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Work out what you want to do instead
Okay so you hate your job and you know you want to be doing something else.
So what exactly do you want to be doing for a living?
This can often be the hardest part, we don’t like what we are doing but we aren’t exactly sure what we should be doing instead.
Don’t torture yourself if you are not sure what you want to do next. Give yourself some breathing space without pressure to figure it out.
Related post – 10 Inspiring Ways to Do More of What Makes You Happy
Try before you buy
Granted this option won’t work for everything – it’s not like you can try out being a heart surgeon!
But there are a lot of professions you might be able to try before you buy, so to speak.
For starters, you could do some volunteer work to get a feel for a certain job, role, or industry.
You might be able to freelance or contract in your spare time or have a little business going on the side. Depending on your hours, you might be able to work part-time in a certain role to see if you like it.
Related post – What Happens When You Discover Your Dream Job Isn’t What You Want
Keep your hours in check
If you hate your job, it’s not going to help if you are working 12-hour days 5 days a week.
While this isn’t always possible if you hate your job try to keep your hours down. I’m not suggesting you clock watch and are out of there at 5 pm on the dot no matter what, but that you don’t hang around when it’s really not required.
People sometimes tend to stay at work because other people are still there and they want to look good. Forget about how things look and get the hell out of there.
Related post – How to Stop Clock Watching?
Make sure you switch off when you are not working
Regardless of when you leave work at the end of the day if you hate your job make sure you leave it at work!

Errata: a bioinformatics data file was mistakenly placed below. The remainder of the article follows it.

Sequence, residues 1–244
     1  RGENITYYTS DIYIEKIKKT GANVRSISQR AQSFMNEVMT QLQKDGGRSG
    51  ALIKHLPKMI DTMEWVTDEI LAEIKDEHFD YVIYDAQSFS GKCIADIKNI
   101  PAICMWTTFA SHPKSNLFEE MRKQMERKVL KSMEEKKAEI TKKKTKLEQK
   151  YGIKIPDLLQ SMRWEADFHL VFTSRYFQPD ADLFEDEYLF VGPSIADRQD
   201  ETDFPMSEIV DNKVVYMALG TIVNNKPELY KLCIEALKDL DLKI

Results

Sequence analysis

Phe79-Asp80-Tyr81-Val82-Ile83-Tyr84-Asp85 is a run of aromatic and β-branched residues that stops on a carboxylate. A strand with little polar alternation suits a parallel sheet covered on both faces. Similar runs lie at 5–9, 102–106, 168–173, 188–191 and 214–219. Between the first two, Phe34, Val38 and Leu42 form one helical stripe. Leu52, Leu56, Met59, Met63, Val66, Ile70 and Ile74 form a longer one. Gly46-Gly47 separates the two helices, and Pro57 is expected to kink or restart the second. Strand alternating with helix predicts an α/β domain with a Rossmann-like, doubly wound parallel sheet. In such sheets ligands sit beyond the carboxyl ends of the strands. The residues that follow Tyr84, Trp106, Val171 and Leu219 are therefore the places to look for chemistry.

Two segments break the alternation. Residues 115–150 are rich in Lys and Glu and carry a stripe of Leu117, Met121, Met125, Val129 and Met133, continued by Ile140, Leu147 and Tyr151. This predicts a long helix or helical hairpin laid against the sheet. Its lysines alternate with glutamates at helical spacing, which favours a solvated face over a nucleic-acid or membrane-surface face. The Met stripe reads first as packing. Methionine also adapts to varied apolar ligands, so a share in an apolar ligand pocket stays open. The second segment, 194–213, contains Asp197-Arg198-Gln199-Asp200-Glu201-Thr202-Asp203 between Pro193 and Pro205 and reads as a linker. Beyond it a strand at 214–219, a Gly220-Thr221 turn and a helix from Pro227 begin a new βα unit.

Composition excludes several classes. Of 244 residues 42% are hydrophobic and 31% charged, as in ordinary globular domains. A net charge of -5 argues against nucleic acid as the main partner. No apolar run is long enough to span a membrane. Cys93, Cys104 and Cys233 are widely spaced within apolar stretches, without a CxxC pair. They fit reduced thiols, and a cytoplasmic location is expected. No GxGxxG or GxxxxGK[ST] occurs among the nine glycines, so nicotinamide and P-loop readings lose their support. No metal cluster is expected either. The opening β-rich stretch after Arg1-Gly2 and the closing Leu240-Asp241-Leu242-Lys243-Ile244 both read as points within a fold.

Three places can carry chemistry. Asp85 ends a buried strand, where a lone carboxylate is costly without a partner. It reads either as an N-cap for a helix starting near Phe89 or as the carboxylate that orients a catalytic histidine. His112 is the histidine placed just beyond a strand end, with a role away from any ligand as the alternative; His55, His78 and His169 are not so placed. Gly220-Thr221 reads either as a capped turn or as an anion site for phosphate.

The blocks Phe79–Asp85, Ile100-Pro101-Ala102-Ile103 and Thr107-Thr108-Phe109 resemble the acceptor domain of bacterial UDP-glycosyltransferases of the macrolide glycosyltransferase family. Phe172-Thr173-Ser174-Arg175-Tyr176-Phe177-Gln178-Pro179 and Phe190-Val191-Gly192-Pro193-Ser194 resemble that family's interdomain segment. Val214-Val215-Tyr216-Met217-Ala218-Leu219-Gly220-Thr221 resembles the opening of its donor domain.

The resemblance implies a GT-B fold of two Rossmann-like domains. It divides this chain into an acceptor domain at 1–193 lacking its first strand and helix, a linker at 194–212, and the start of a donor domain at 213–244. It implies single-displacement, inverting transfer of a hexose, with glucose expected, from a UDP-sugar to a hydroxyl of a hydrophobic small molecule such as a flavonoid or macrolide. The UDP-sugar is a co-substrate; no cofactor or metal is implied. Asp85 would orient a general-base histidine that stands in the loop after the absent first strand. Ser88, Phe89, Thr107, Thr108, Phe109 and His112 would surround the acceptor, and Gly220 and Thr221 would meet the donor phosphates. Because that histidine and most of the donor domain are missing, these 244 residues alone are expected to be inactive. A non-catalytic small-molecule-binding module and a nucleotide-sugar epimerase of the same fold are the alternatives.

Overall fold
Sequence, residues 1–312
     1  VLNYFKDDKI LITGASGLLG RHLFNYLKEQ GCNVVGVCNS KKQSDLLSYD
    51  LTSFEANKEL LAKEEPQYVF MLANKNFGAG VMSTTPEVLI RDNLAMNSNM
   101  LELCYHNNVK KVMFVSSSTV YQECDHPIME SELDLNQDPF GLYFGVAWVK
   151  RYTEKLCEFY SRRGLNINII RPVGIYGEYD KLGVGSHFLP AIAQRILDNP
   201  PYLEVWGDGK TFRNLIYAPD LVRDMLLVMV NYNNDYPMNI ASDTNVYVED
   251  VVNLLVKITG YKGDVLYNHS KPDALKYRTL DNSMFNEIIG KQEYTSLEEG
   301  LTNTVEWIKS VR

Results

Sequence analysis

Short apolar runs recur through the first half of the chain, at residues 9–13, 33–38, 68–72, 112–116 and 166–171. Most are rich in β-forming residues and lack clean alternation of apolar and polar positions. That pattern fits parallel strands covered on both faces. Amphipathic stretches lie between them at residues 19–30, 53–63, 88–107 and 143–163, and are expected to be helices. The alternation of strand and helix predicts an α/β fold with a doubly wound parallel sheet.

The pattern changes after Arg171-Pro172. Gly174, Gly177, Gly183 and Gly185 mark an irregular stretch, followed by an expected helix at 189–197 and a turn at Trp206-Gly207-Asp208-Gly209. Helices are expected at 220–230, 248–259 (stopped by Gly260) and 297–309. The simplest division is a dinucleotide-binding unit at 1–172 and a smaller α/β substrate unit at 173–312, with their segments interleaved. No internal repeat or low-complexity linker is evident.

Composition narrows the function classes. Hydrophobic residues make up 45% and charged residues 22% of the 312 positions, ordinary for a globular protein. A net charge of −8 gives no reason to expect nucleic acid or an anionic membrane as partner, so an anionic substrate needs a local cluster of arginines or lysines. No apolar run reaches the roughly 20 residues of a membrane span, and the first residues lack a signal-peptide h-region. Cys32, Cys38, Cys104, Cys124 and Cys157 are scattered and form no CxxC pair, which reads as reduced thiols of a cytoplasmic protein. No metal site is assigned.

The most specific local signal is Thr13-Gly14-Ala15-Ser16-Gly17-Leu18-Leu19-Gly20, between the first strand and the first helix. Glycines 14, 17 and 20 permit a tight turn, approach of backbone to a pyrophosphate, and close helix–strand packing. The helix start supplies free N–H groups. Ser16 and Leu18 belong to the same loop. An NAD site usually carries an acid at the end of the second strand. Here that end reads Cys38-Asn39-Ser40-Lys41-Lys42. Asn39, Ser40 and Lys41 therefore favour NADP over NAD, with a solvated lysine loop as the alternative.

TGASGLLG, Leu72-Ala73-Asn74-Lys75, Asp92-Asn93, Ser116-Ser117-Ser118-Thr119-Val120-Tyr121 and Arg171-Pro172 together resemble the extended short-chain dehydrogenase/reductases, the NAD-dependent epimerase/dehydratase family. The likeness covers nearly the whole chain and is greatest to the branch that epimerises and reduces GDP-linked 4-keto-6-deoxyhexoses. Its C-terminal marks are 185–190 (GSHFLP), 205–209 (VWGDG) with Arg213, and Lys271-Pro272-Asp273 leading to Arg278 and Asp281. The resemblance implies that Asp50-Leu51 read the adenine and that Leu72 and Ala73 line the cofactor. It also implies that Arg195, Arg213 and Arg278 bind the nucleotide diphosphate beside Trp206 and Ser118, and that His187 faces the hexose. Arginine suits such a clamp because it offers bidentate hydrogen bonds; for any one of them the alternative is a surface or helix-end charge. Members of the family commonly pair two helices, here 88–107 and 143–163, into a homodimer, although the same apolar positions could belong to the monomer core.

If you are coming home and thinking about your job non-stop, you are only going to hate it more because it will feel like it’s all-consuming.
You must work out ways to switch off and relax. You need to have an off button.
I remember years ago talking to a work colleague about how hard it was for him to switch off when he went on holiday. For me it pretty much happened straight away, in most cases, I walked out of the office, went on holidays, and forgot all about work entirely. For my friend, it took a week or two to start to relax (which isn’t good when you only have a week or two off in the first place).
The interesting thing about this story is that now I work for myself, I think about work all of the time and have a hard time switching off but for me, that’s okay because I love it.
Related post – 10 Ways to Unwind After a Stressful Day at Work
What training do you need?
What training do you need to move onto a job that you will love?
Whilst I am not saying you need to rush out and do a four-year university degree to change jobs, you might need some specific training.
Look into what you need and be proactive about making it happen and getting the training that you need.
CreativeLive has a great range of business-related courses that might help. Check out their range to see if anything works for you.
Sort out your finances
Let’s face it, people often stay in jobs they hate because financially they feel like they have no other choice.
This is where we need to get our finances sorted.
This could mean downsizing where you live, sticking to your budget, making a budget in the first place, making compromises (do you really need that bigger house with the extra bedroom that no one uses or gets used once a year?), and making sacrifices.
It might mean giving up some luxuries or even everyday things we take for granted to get ourselves into a more comfortable debt position. It might mean chopping up a credit card or making sure the ones you have are all paid off every month.